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Frequently Asked Questions

Below are some of our most frequently asked questions (FAQs). Click on the question to view the answer. Use the FAQs search on the left to type in key words to help you find specific questions.. This web site is full of lots of information that I hope you will find useful. If you have a question that you can not find the answer for, or if you have any other comments or suggestions, please send me an email by clicking on the Contact tab at the top of the page. I'll be able to answer you directly.


Happy baking!

1. Is your yeast gluten free? »

Yes. All of our baker's yeast products are gluten free, and are produced in a dedicated facility. They do not contain wheat gluten or other cereal protein that cause allergic reactions in people with gluten intolerance. We have many wonderful gluten free recipes on our website:  Click on the Gluten Free Recipes in the left menu.

2. What is the difference between instant and active dry yeast? Can I use either one in my recipes? »

The difference between the two yeasts is the particle size. The instant yeast is sold to consumers as RED STAR Quick Rise and RED STAR Bread Machine Yeast.  The instant yeast is a 'fast rising' yeast, and is dried to a smaller particle than the 'regular' Active Dry Yeast, hence they activate faster and subsequently raise the dough faster.


In traditional baking (hand kneading or stand mixer), the two can be used interchangeably, one for one. The difference will be that with the 'fast rising' yeast, the rising times for the dough will be shorter, up to 50%. Visit our Lessons in Yeast in Baking section for information on rising and the 'ripe test'.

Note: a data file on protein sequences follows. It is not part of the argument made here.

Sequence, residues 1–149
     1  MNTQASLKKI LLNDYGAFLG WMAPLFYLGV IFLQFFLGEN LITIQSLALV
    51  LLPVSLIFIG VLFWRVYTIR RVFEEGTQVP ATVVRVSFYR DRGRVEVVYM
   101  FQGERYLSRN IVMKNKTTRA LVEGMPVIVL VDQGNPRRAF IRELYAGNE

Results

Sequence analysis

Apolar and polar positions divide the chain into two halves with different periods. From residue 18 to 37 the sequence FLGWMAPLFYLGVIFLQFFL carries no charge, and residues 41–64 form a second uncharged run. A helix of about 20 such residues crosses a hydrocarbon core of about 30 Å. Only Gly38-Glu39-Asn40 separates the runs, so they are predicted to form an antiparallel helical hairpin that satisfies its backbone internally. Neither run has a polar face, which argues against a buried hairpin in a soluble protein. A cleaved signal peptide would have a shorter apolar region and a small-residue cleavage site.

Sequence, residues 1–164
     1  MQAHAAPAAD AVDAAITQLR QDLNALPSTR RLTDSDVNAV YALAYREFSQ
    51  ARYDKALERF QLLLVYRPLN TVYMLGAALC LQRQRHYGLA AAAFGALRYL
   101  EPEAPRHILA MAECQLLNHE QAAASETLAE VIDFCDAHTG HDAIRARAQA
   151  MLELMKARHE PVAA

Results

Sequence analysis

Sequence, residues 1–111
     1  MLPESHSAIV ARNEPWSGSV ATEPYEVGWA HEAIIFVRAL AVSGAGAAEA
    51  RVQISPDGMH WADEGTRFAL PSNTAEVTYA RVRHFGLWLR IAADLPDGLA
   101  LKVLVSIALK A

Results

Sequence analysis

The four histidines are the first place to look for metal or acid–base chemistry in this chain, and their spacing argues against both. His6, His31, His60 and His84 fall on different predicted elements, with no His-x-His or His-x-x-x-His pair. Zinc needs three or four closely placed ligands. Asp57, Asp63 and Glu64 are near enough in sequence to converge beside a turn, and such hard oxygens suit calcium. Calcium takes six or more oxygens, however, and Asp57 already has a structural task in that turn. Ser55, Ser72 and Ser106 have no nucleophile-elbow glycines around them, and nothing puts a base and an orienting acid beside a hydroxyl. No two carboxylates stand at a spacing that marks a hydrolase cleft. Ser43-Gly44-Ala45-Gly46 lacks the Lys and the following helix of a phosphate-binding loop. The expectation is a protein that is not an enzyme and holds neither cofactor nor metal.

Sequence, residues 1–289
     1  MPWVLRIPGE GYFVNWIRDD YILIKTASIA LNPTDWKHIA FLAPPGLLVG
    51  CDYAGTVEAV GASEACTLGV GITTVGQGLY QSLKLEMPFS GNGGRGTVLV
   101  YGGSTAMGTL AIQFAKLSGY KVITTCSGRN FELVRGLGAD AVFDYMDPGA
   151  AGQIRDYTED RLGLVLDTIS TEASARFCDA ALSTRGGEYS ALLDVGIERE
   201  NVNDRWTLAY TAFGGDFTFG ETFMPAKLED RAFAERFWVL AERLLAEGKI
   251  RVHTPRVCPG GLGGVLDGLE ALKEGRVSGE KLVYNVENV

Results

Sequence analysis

In a bread machine, it is necessary to make an adjustment in the level of yeast used. When using a regular active dry yeast, use 3/4 teaspoons of yeast for each cup of flour; when using a 'fast rising' yeast , use 1/2 teaspoon for each cup of flour.


We do not recommend using instant yeast in refrigerated doughs.

3. How long do I need to let my dough rise? »

The length of time it takes for the dough to rise depends on many factors--the recipe, the amount of yeast, the amount of sugar, the temperature of the dough, the temperature in the room, etc. Every recipe is different.


You should allow the dough to rise until it is 'ripe'. Click on the following link to learn about rising and the ‘ripe test’: 

Rising & Ripe Test (First Rise)


Our Lessons in Yeast & Baking / Baking Steps Guide has lots of great information on baking with yeast.

4. What is sorbitan monostearate? »

Sorbitan monostearate is an emulsifier. This material coats yeast cells and protects the cells from damage by oxygen and assists in the rehydration of the yeast.


Sorbitan monostearate is a mixture of partial stearic and palmitic acid esters of sorbitol and its mono- and dianhydrides. Source of the sorbitol in the sorbitan monostearate is unknown, however it is plant and may or may not be corn. Allergens are typically part of the protein structure of the organism, however the process used to produce sorbitol eliminates the plant protein.